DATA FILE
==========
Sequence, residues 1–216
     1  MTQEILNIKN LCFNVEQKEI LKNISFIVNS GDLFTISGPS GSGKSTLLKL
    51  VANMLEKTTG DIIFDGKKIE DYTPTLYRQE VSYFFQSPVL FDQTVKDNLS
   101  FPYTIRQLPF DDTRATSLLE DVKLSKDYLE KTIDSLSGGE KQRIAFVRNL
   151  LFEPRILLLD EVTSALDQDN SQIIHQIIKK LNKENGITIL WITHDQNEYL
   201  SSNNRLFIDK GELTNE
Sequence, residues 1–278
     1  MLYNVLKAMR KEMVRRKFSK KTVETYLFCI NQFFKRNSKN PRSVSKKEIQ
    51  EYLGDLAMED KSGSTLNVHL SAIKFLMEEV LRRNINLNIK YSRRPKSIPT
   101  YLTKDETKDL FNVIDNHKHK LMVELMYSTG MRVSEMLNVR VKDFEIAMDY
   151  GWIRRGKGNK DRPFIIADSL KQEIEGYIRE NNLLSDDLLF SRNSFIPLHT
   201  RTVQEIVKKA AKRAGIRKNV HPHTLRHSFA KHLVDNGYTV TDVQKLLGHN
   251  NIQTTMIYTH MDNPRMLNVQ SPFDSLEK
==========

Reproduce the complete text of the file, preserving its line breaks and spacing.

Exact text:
Sequence, residues 1–216
     1  MTQEILNIKN LCFNVEQKEI LKNISFIVNS GDLFTISGPS GSGKSTLLKL
    51  VANMLEKTTG DIIFDGKKIE DYTPTLYRQE VSYFFQSPVL FDQTVKDNLS
   101  FPYTIRQLPF DDTRATSLLE DVKLSKDYLE KTIDSLSGGE KQRIAFVRNL
   151  LFEPRILLLD EVTSALDQDN SQIIHQIIKK LNKENGITIL WITHDQNEYL
   201  SSNNRLFIDK GELTNE
Sequence, residues 1–278
     1  MLYNVLKAMR KEMVRRKFSK KTVETYLFCI NQFFKRNSKN PRSVSKKEIQ
    51  EYLGDLAMED KSGSTLNVHL SAIKFLMEEV LRRNINLNIK YSRRPKSIPT
   101  YLTKDETKDL FNVIDNHKHK LMVELMYSTG MRVSEMLNVR VKDFEIAMDY
   151  GWIRRGKGNK DRPFIIADSL KQEIEGYIRE NNLLSDDLLF SRNSFIPLHT
   201  RTVQEIVKKA AKRAGIRKNV HPHTLRHSFA KHLVDNGYTV TDVQKLLGHN
   251  NIQTTMIYTH MDNPRMLNVQ SPFDSLEK